The first total lunar eclipse of the year created a lot of buzz on the planet. People in some countries - mostly in South America - were able to take a good look at the Moon during the celestial event, while others were not so lucky.
But thousands of kilometres up in the space, at the International Space Station (ISS), astronauts were able to capture the magnificent phenomenon from zero gravity.
The images of the “Blood Moon” during the eclipse were posted on Twitter by Samantha Cristoforetti, an astronaut with the European Space Agency (ESA) on Monday.
Happy Monday from space! Were you lucky enough to be able to see the lunar eclipse last night? We were! / Buon lunedì dallo spazio! Avete avuto la fortuna di vedere l'eclissi lunare di ieri sera? Noi sì! 🌘#lunareclipse2022#MissionMinerva#LunarEclipsepic.twitter.com/RKJ49L4YAX— Samantha Cristoforetti (@AstroSamantha) May 16, 2022
“Happy Monday from space! Were you lucky enough to be able to see the lunar eclipse last night? We were!” she said in her tweet, which was retweeted by the ESA.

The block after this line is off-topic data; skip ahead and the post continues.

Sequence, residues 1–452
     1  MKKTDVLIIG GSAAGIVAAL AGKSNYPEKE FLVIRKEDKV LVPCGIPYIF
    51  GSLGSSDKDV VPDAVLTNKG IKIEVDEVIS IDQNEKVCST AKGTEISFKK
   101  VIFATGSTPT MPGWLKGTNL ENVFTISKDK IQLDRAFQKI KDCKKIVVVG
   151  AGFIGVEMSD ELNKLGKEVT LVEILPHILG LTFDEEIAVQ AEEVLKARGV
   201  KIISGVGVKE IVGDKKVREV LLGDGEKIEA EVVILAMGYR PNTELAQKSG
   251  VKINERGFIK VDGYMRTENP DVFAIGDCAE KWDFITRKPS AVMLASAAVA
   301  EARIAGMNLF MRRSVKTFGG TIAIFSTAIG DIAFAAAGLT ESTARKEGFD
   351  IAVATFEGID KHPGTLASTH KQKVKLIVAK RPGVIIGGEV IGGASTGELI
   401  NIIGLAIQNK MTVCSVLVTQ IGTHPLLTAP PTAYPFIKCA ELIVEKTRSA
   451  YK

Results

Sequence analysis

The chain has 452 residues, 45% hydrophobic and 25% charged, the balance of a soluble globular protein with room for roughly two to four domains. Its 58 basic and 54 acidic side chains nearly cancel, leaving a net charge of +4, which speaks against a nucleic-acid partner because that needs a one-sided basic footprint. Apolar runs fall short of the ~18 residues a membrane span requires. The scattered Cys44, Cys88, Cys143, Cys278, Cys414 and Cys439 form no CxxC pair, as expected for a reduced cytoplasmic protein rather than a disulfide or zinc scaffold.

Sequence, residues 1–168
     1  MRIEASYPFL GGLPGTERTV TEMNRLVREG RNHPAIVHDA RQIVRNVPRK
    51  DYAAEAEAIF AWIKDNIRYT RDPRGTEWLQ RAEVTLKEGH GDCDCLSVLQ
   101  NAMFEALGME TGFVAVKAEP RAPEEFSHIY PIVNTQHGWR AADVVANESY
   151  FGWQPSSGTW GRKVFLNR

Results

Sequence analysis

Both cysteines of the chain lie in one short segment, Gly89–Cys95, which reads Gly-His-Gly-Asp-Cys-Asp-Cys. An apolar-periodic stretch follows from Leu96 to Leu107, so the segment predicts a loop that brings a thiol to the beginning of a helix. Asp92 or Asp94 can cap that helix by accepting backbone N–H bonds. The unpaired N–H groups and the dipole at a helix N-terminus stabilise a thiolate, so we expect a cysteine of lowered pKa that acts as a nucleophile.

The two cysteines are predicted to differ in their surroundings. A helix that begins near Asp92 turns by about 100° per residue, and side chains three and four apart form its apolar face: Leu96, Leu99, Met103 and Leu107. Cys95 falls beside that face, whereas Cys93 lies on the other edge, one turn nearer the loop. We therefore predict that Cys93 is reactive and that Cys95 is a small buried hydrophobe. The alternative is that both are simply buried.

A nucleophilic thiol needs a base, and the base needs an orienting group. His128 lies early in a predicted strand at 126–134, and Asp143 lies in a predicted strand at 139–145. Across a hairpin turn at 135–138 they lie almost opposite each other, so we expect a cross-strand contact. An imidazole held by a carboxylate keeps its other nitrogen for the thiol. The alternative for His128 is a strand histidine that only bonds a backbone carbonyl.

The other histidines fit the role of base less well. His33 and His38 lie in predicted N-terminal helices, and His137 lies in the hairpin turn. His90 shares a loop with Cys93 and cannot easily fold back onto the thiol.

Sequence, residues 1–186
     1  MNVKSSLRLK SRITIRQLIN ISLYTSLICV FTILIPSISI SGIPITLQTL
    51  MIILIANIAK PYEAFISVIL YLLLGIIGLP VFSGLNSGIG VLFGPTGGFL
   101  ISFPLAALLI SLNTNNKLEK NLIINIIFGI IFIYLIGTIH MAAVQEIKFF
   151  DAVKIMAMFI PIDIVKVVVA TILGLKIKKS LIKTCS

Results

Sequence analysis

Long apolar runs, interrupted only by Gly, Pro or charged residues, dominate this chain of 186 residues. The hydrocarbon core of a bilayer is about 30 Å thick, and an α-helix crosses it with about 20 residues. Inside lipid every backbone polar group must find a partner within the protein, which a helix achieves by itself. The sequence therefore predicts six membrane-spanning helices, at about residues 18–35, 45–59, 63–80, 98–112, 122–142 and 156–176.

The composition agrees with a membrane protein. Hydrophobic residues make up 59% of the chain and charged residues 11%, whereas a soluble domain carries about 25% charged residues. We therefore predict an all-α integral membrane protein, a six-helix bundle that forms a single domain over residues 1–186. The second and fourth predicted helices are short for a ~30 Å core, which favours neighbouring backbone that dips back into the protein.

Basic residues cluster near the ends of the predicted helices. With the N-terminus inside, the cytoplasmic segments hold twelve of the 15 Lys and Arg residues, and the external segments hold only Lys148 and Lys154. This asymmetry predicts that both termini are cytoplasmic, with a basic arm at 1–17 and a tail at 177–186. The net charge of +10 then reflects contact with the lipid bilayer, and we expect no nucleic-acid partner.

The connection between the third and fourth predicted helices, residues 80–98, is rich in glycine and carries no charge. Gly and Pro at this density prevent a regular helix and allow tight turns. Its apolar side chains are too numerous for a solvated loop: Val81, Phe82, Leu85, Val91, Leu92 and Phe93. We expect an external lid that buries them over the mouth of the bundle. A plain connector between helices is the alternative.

The image shows a partially visible Moon as the Earth moves between it and the Sun during the total lunar eclipse.
In another photo, the Moon is seen playing “hide-and-seek with our solar panel”, said Ms Cristoforetti.
She docked at the ISS after being sent to space onboard SpaceX's Dragon capsule on April 27. This was her second flight to the space station.
The 45-year-old the commanding the ISS operations during the team's six-month stint, becoming Europe's first woman placed in that role.
A lunar eclipse occurs when the Moon, Earth, and Sun align, with the Moon passing through the shadow cast by the Earth. A total lunar eclipse occurs when the Moon passes through the darkest part of the Earth's shadow, known as the umbra, according to NASA.
The total lunar eclipse on the intervening night of May 15 and 16 was not visible in India. It was seen in various parts of the world including South and North America, Antarctica, Europe, Africa, and the East Pacific.
During the eclipse, the Moon was visible in scarlet colour, in stark contrast to its usual milky white appearance. It emitted a reddish hue just before the totality of the eclipse, which is why it was called the “Blood Moon”.